As broadly expected, the Government has confirmed JobKeeper and the JobSeeker Coronavirus Supplement will be extended from their scheduled end dates in September, a move aimed at protecting jobs and incomes, as well as supporting Australia’s rebooting economy and real estate markets. 

The JobKeeper payment has been given a six-month lifeline until 28 March 2021 but will be reduced twice from 28 September 2020. The JobSeeker payment will be extended to 31 December 2021, however the COVID-19 Supplement will be reduced to $250 per fortnight. 

The JobKeeper adjustment

From 28 September, the JobKeeper payment will be adjusted to $1,200 per fortnight until 4 January and then $1,000 until 28 March for those who worked 20 hours or more per week in February this year. The payment is currently $1,500 a fortnight.

JobKeeper will continue to be available to eligible businesses and not-for-profits until 28 March 2020. These businesses, however, will be required to demonstrate a 30% revenue loss for the June and September quarters to be eligible for the payment in the December quarter. 

The JobSeeker supplement 

The JobSeeker Coronavirus Supplement will be extended from 25 September to 31 December but at the reduced rate of $250 per fortnight, which is down from $550. Also, the government has reinstated means-testing for the income supplement. 

Under the changes, job seekers will be required to conduct at least four voluntary job searches per month and at least one phone or online interview with an employment agency. Failure to meet these obligations, or the refusal of a job offer will be penalised with a payment suspension.

Prime Minister Scott Morrison said the extra assistance would continue supporting hundreds of thousands of Australians who are without work and offer businesses and their workers a lifeline to not only get through this crisis but recover on the other side. “We will have Australian’s backs as we face the ongoing impacts of COVID-19,” the Prime Minister said.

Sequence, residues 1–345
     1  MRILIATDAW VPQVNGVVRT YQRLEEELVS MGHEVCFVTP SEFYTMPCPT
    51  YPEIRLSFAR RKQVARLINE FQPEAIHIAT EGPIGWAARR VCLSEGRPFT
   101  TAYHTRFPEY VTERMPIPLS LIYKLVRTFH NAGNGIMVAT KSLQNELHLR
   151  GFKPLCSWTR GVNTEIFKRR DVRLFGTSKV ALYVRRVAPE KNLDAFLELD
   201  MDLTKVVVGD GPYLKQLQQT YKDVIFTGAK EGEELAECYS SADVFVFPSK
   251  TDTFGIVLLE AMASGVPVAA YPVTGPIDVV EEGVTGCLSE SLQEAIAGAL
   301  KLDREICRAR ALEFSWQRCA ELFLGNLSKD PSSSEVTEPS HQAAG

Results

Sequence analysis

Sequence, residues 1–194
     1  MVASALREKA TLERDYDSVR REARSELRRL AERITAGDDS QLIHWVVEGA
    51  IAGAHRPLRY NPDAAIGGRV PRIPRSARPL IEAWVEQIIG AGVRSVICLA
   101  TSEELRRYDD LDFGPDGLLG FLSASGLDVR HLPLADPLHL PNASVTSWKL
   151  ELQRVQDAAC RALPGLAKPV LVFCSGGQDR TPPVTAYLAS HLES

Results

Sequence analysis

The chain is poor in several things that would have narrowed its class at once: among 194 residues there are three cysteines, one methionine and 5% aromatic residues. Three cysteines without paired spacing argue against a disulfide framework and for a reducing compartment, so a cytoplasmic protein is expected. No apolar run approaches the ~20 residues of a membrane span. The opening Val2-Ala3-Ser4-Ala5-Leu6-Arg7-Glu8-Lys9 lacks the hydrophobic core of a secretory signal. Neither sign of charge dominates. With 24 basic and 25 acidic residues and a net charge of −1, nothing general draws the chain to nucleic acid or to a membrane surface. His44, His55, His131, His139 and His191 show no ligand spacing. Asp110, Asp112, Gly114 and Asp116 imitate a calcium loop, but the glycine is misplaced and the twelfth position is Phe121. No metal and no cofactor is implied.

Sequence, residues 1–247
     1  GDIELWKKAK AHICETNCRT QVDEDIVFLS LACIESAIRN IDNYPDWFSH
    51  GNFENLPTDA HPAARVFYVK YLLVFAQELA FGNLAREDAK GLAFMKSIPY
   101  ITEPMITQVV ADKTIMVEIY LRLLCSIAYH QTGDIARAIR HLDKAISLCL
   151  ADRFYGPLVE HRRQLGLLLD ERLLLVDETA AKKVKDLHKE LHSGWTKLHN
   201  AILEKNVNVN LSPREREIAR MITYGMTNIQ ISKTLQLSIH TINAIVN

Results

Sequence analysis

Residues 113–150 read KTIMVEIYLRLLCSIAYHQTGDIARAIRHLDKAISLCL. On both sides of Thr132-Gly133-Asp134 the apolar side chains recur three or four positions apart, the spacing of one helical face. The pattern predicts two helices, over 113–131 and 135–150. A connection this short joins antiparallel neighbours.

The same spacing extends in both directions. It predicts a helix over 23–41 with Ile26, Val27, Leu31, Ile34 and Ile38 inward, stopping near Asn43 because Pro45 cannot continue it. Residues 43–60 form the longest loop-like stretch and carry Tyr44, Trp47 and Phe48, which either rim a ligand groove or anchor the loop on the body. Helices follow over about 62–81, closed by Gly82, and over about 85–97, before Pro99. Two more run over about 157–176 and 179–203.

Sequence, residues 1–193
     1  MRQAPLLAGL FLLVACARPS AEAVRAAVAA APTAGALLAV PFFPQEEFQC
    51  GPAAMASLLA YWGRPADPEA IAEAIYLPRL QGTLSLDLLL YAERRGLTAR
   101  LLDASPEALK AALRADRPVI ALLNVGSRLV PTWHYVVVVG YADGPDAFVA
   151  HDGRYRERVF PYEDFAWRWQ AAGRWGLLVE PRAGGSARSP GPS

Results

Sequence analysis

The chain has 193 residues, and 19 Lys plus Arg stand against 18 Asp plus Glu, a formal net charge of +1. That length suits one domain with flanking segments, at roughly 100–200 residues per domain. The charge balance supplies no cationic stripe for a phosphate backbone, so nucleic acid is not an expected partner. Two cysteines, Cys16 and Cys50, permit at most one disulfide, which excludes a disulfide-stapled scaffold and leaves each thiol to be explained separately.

John Tancevski, Chief Executive of Community First Credit Union, says the extension of both programs was widely anticipated and makes sense given that many workers won’t have had their jobs reinstated by the end of September. 

“The economy is starting to reboot but ending these income support measures in September would have been too early, especially with the second wave of COVID-19 cases in Victoria and the flow on risks to NSW a threat to the recovery.”

The Government estimates extending JobKeeper will cost around $16 billion and $3.8 billion for the JobSeeker extension. These costs combined with an extra $2 billion of Federal spending on the apprentice subsidies and JobTrainer announced in the middle of July[i] means the Federal Government has injected a total extra stimulus of around $22 billion into the economy in the last few weeks. 

More stimulus measures are expected in the various upcoming Government budget statements, while some experts are predicting the 2022 income tax cuts will be fast-forwarded. 

“By maintaining these stimulus measures, more people will stay in work, which will also underpin property sales and rental markets as more Australians will have the confidence to get on with their lives,” said John Tancevski.

For further Information

JobKeeper Extension (https://treasury.gov.au/coronavirus/jobkeeper/extension)

ATO JobKeeper Factsheet (https://www.ato.gov.au/general/JobKeeper-Payment/)

JobSeeker Extension and Changes to the COVID Supplement (https://treasury.gov.au/sites/default/files/2020-07/Fact_sheet-Income_Support_for_Individuals.pdf

 

 

Last updated: 17 August 2020

The information contained in this article is only correct at the point of time of publication. It is general information and has been prepared without taking into account your personal circumstances, objectives or needs. Please consider if this information is right for you before making a decision to acquire any product.